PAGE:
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“The road to the White House starts in Orangeburg,” Democratic presidential candidate Amy Klobuchar said Saturday.

The U.S. senator from Minnesota made several stops in the city, including at the Orangeburg County Democratic Party meeting held at Williams Chapel AME Church on Glover Street.

Klobuchar told the crowd that she’s ready to meet the challenges of making health care available to all, climate change, education and improving the economy and employment opportunities in rural areas.

Speaking of President Donald Trump, she said, “Instead of rising to the challenges, he makes everything worse.”

“We cannot afford to screw this up,” she said.

Klobuchar said, “We have to win big. We have to make sure that we win in those U.S. Senate seats.”

“We have an obligation to unite behind one candidate. We are on this march together,” she said.

Klobuchar spoke about the strength of small businesses and the need to close loopholes in gun safety legislation.

She’s worked on legislation that calls for longer times for law enforcement to conduct thorough background checks before a person makes a gun purchase.

As for education reform, Klobuchar said that lawmakers need to make sure to have a K-12 plan that works.

She encourages reforms such as increasing apprenticeships, getting one or two-year college degrees while still in high school and increasing the funds available through Pell Grants.

She also noted that Trump changed the estate tax limits from $3.5 million to $11 million, which decreases the revenue from those taxes.

She said revenue generated from estate taxes could be used to fund education reform.

During a brief interview with The T&D, Klobuchar spoke specifically about education and economic reform in rural South Carolina.

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“We need to believe that kids that grow up in rural South Carolina should be able to live there,” she said.

She said that providing broadband internet connections to all rural households would improve educational and economic opportunities.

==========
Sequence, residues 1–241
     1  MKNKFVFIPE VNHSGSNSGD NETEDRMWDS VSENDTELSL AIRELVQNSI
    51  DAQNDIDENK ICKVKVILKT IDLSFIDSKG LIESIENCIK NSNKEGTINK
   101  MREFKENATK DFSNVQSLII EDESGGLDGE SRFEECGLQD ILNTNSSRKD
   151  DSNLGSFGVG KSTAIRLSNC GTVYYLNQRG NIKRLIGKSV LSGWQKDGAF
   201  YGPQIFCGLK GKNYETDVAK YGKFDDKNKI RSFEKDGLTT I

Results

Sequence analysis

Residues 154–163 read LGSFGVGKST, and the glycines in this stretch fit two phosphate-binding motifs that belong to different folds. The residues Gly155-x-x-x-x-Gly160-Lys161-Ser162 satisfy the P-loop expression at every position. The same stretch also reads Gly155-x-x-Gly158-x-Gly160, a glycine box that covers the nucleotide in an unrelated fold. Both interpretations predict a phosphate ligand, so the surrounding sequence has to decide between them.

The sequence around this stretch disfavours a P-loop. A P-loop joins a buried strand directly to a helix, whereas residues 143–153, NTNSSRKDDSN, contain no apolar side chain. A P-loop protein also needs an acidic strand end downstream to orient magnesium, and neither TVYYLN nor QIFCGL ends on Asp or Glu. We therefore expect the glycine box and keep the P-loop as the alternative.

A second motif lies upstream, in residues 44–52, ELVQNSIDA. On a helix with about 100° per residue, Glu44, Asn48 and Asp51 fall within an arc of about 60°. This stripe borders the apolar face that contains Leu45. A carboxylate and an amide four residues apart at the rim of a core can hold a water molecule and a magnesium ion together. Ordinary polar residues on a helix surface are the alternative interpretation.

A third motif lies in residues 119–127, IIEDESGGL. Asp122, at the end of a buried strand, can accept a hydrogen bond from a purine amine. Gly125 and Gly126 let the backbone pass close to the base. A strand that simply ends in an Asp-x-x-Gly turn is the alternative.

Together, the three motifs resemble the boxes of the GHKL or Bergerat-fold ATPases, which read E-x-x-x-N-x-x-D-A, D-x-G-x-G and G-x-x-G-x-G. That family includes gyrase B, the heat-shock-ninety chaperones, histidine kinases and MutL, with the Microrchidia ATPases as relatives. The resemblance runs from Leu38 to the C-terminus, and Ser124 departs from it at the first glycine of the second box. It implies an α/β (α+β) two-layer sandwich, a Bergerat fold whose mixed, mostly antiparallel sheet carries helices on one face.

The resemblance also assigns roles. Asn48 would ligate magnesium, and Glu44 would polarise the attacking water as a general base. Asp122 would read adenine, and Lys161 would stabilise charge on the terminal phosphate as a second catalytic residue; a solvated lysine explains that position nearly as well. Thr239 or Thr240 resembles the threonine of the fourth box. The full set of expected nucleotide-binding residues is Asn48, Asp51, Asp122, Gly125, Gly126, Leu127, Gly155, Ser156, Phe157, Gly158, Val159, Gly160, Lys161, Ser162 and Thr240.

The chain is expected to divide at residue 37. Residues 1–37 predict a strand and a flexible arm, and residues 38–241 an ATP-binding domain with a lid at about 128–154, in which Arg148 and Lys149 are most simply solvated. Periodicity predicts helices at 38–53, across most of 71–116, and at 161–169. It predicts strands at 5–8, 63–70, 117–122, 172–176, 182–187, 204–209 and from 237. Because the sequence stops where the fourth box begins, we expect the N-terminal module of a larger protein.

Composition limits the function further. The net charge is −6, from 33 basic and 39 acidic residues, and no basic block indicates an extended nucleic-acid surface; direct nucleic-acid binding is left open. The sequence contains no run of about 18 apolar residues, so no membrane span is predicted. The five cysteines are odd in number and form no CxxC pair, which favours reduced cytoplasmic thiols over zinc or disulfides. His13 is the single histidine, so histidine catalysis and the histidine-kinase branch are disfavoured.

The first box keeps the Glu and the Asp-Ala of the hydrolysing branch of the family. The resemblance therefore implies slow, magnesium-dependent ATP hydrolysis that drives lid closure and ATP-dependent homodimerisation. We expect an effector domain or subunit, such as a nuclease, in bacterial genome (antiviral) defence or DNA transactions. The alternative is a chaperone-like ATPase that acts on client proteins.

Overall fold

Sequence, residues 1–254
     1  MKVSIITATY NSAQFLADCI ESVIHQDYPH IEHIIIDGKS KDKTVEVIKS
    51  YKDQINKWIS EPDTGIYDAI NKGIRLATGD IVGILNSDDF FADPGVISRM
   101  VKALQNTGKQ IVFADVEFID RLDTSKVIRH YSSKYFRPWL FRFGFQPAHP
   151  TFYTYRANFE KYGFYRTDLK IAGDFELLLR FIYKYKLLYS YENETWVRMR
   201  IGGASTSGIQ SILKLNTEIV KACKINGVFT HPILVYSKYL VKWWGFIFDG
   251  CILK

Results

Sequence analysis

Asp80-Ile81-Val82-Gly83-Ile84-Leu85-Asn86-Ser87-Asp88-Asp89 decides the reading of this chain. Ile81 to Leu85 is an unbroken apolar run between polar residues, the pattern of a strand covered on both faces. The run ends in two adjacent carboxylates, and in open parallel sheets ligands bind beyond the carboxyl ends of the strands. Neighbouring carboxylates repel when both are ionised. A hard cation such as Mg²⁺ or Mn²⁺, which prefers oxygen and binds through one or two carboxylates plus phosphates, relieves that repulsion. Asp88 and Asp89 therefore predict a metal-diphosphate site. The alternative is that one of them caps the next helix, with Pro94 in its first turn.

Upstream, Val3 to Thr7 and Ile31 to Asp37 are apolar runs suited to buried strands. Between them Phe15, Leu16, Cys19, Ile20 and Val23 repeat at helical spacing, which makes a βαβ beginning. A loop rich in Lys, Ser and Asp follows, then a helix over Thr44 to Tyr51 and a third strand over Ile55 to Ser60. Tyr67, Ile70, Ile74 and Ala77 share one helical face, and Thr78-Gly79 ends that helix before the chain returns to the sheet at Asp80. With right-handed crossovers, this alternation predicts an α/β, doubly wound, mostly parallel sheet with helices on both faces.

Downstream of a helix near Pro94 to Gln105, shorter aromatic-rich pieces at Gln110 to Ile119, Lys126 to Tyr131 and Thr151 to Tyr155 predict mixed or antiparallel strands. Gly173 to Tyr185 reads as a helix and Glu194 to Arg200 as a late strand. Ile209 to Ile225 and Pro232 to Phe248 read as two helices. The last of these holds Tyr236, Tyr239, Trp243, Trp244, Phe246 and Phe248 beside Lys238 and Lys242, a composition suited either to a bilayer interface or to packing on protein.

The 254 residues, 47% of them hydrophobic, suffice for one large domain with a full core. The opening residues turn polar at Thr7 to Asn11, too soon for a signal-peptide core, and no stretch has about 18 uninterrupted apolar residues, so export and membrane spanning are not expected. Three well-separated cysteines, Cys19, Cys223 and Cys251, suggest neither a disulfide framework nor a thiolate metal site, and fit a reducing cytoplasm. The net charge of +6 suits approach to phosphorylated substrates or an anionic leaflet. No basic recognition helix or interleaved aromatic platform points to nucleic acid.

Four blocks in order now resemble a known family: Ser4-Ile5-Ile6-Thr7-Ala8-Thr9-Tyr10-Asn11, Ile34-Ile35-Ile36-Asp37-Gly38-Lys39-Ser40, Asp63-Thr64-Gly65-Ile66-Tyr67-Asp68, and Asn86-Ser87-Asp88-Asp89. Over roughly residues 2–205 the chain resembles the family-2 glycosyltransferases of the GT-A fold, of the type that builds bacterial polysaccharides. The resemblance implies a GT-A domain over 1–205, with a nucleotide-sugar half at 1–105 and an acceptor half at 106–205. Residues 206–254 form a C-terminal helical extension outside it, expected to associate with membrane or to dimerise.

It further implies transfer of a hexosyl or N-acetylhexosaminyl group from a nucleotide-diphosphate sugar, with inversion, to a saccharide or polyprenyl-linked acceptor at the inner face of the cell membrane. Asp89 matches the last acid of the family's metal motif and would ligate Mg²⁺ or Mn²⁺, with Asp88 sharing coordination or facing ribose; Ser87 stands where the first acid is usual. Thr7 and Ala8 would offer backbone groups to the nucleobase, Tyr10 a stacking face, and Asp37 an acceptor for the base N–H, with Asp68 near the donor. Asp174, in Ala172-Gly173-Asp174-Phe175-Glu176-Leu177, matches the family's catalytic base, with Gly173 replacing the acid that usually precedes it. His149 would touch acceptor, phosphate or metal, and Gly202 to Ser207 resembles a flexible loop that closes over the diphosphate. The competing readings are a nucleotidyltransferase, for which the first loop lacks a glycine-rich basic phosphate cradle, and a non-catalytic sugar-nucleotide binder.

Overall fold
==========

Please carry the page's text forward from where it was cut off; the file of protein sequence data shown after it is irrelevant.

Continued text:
Klobuchar said she has a plan that would bring broadband to all rural households by 2022.

“If Iceland can be hooked up in every household with all the volcanoes there, maybe South Carolina can,” she said.

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Klobuchar noted that she’s grateful for the opportunities to see rural South Carolina firsthand.

“Rural issues, that’s kind of right in my bailiwick,” she said.

Klobuchar also spoke about the importance of African American voters.

“We need to never take them for granted,” she said.

“They are a major part of our party and the way this president has been treating them is wrong and he does it in some really blatant ways and sometimes in subtle ways and we have to make sure we have a president who is never going to do that again and instead is going to be investing in these areas and focusing on poverty,” she said.

Klobuchar also visited Thee Matriarch, the Cecil Williams Civil Rights Museum and Antley’s BBQ.

South Carolina will be the first state in the South to hold its primary for the 2020 presidential election.

The primary is scheduled for Saturday, Feb. 29, 2020.

On Friday, Klobuchar filed as a candidate in the Democratic presidential primary in South Carolina.

Prior to her visit to the Palmetto State, Klobuchar campaigned in Iowa and New Hampshire.

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Contact the writer: mbrown@timesanddemocrat.com or 803-533-5545. Follow on Twitter: @MRBrownTandD

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